• Alen Stajcic hugs Kyah Simon and Lisa de Vanna of Australia after the FIFA Women's World Cup 2015 (Image: Getty) (Getty Images)Source: Getty Images
Alen Stajcic is a man with his eyes firmly set on one goal – taking the Matildas to the top of the world rankings.
By
Jill Scanlon

Source:
Zela
5 Jul 2016 - 9:35 AM  UPDATED 8 Jul 2016 - 12:03 PM

As coach of the Australian national team, Stajcic and his charges have had a year to remember.

In the past 12 months the Matildas made history when they became the first Australian team, men's or women's, to win a knockout stage match at the World Cup, going through to the final eight; the team then qualified for this year’s Olympics; and in the recently updated world rankings, Australia sits fifth behind the four super-powers of women’s football - placing it as Asia’s top ranked side.

Alen Stajcic took on the coaching job in 2014, where he reshaped a group of seemingly discontented players into a focused and mature team with a drive to succeed.

It’s taken hard work in a short space of time, focusing on off-field elements as well as on-field performances, but the coach says much of the group’s drive comes from the development of a good team culture – a mix of maturity and leadership.

"The off-field way that players conduct themselves and the way they act around each other and act towards their sport now, I think has improved and evolved and matured and usually when you see that kind of attitude and behaviour within a group - it is reflected on the field."

“Certainly a culture has developed from the values we have within the team and that’s driven by leadership from within the group - we’ve worked tremendously hard on that aspect," said Stajcic. "I really think we’ve evolved and I think you see some of the results of that cultural aspect on the field.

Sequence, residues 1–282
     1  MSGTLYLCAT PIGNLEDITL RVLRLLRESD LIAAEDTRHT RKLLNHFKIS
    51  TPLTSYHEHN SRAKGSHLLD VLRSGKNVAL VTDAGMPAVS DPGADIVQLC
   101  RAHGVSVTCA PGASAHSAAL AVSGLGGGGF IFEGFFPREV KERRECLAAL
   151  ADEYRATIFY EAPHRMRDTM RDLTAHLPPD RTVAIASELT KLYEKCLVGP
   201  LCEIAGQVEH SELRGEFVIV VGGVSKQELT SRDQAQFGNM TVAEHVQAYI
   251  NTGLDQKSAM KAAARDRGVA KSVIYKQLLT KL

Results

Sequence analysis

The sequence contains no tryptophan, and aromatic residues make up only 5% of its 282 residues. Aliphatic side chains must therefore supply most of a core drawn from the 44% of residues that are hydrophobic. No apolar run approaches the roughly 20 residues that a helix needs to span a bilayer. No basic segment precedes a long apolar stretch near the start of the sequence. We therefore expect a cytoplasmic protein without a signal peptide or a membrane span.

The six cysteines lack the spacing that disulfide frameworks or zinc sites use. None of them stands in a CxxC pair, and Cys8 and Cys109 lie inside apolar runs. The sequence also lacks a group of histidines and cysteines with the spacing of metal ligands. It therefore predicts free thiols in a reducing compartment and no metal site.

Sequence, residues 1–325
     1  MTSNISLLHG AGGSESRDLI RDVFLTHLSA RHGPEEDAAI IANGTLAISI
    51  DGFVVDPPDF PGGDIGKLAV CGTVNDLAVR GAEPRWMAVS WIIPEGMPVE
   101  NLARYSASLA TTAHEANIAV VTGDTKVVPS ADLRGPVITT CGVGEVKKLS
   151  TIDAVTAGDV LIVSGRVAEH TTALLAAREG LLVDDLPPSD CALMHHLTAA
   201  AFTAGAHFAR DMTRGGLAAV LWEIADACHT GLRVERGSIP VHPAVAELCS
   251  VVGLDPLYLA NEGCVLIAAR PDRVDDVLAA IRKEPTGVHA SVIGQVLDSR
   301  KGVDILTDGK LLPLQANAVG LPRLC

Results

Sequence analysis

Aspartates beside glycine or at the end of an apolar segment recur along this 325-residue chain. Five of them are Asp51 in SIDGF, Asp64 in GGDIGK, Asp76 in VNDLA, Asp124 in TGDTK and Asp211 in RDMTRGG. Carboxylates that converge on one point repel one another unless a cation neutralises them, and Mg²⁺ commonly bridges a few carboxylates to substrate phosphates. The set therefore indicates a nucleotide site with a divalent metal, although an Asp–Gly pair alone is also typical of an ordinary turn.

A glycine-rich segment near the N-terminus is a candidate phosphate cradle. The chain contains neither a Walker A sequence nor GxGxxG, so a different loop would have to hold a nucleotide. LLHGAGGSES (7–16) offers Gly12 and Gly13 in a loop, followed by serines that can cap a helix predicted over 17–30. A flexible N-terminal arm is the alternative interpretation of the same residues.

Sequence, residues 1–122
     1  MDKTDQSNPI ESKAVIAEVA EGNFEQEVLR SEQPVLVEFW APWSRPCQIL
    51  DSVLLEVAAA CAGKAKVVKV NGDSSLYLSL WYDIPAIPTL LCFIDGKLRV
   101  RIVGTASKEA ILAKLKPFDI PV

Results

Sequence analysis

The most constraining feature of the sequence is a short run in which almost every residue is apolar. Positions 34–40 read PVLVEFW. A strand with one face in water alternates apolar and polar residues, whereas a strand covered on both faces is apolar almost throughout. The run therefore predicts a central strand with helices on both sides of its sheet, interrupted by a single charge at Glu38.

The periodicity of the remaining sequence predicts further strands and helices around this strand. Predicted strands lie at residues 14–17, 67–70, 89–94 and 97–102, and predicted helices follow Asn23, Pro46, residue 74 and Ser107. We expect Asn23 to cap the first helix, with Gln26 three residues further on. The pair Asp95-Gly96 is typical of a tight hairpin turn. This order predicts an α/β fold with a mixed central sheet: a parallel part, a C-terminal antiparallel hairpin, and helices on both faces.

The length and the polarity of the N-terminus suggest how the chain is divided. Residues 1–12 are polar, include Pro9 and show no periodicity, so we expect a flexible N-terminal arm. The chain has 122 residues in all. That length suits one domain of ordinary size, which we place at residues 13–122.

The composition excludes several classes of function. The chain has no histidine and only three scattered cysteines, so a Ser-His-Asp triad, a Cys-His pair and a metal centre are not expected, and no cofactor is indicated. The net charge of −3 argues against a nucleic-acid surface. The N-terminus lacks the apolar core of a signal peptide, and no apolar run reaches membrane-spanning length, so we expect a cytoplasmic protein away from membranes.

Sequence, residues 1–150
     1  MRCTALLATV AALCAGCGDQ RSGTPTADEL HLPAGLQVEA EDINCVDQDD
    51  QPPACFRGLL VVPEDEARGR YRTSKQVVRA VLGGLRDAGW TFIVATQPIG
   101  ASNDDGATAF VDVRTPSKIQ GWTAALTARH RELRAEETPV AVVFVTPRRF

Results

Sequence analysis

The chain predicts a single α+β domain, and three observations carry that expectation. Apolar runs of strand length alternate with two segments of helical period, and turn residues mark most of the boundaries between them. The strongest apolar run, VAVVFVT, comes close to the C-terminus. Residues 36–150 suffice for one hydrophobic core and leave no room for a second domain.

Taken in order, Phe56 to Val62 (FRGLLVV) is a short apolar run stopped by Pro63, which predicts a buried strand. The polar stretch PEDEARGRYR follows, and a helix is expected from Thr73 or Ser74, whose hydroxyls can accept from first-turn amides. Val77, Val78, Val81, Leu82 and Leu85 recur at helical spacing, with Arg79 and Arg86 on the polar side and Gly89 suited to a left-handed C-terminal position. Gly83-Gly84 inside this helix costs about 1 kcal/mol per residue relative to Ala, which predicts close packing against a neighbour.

"The off-field way that players conduct themselves and the way they act around each other and act towards their sport now, I think has improved and evolved and matured and usually when you see that kind of attitude and behaviour within a group - it is reflected on the field. And I think most of Australia is now starting to see the evolution of this team because of a lot of those reasons.”

The team spends a good amount of time apart when not preparing for a major event or series. Although some players are spread across the globe on overseas contracts, Stajcic has made sure communication has stayed strong between himself and the players.

The majority of the team has spent recent weeks living in each-other’s pockets before the selected squad heads off to Brazil for a four week training camp in the lead up to its opening match at the Olympics. It’s crucial time together according to the coach, which counteracts the effects of so much time apart as a team. Stajcic believes that the time spent together cannot have the necessary positive outcomes if there is not a good culture within the group.

“We spent seven weeks together last year and I think it was really a time where the team laid a foundation for how we wanted to act as a group and how we behave among ourselves and the relationships that we wanted to have so that the form of the team could improve,” he said.

One of the most pleasing outcomes ... has been the development of one player in particular – the captain of the team.

One of his main goals and objectives has been to encourage and nurture leadership. One of the most pleasing outcomes of this, for Stajcic, has been the development of one player in particular – the captain of the team.